When Andy Lee and Billy Joe Saunders step into the ring at Thomond Park in Limerick on Saturday 19 September it will be the 275th world title fight in which I have been involved as a promoter during my 30-odd years in the game.
And I have to say the WBO World Middleweight championship between the two engagingly talkative Travelling men rates very high on my list of those I have most anticipated. I am licking my lips already.
In many ways it is the perfect match: dignified champion, a big puncher who can take someone out with one stunning dig, and a zestful young challenger who has real style, is a beautiful boxer and can punch himself a bit when he needs to.
This historic fight is the first-ever for a legitimate world title between Travellers. Limerick is renowned as the Travellers’ world capital and it will all be about bragging rights in an community where fisticuffs has such a great heritage dating back to the bare knuckle era.
I bet they’ll be a few limericks written before the contest, too.
So here’s one I made earlier.
There was an Irish world champion named Lee
Who took on young Billy with glee
But the kid grabbed the shot
And did not lose the plot
Now he’s set to be champ, wait and see
Well it’s the way you tell’ em… as a great Irish comic used to say…I know, don’t give up the day job!
Seriously, this is a potentially enthralling bout between two decent guys, who won’t bad-mouth each other and show the utmost mutual respect because it is part of their background. It’s a nice healthy situation to have in show I am staging in partnership with Lee’s coach and mentor Adam Booth.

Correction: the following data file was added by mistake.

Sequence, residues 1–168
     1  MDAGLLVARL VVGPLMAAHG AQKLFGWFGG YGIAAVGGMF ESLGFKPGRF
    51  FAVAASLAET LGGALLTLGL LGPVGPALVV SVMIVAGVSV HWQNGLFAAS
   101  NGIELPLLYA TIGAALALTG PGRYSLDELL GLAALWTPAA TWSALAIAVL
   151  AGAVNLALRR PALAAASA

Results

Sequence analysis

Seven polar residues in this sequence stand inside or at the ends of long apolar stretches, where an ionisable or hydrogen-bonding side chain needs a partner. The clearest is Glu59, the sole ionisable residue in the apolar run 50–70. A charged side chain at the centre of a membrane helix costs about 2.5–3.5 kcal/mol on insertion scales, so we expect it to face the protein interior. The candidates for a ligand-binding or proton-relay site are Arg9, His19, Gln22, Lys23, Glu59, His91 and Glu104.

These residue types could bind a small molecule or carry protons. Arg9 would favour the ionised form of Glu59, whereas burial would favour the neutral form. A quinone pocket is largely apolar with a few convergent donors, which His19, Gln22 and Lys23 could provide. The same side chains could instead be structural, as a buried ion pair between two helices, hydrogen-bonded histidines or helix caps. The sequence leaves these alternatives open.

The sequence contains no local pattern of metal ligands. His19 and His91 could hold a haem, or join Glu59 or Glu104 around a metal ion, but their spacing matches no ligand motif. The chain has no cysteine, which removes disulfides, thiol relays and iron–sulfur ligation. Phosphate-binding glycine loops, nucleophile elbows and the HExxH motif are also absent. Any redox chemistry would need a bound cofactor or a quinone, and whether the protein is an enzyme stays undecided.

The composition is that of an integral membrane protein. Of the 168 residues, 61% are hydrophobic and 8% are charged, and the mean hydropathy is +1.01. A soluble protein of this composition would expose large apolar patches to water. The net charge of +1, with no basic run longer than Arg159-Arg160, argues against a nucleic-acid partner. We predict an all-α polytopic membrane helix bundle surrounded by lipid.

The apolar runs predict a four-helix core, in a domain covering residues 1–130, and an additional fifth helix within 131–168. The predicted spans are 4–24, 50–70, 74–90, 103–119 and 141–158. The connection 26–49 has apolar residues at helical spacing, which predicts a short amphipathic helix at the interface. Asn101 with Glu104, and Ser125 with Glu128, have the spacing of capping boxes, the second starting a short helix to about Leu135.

London born Lee, schooled in the US, and now resident in Dublin, obviously will have massive support in Limerick from, where his family originate, and we anticipate a sell-out crowd of 33,000 at the home of Munster rugby. There’ll be some craic that night.
There is nothing not to like about Lee. He has shown tremendous fortitude and ability to emerge as the first Traveller to win a world title. He gets knocked down, but he gets up again, one hallmark of a good fighter. Saunders is also the first boxer with Romany roots to become a British champion. In fact, Billy-Joe has won everything except a world title, representing his country in the Olympics and becoming British, Commonwealth and European champion as a pro and the first traveller to win outright a Lonsdale belt.
The unbeaten 25-year-old from Hatfield, who thrillingly outscored rival Chris Eubank in his last fight, has claimed the records of four undefeated opponents in his last four back-to-back fights. I know just how much he is relishing this set-to with Lee, a boxer he has always admired, though of course he must tread warily in a tuning-up bout against the Frenchman Yoann Boyer at Wembley tonight. Shaking off eight months of ring rust. Fingers crossed he comes through unscathed.
When I first signed him after the 2008 Olympics, he was rated as the best British prospect of all the Team GB squad who went to Beijing but at 18 he was just that bit too young and inexperienced to win a medal, though he boxed well.
The bottom line is this is a real 50-50 fight that could go either way. Although Bill has got a good chin, this fella knocks out even those who’ve got good chins. What’s more, he was schooled by one of the all-time greats in Emanuel Steward from the Kronk Gym in Detroit. Manny had an eye for talent and high regard for him and always predicted he would become a world champion – exactly as I predicted for Billy.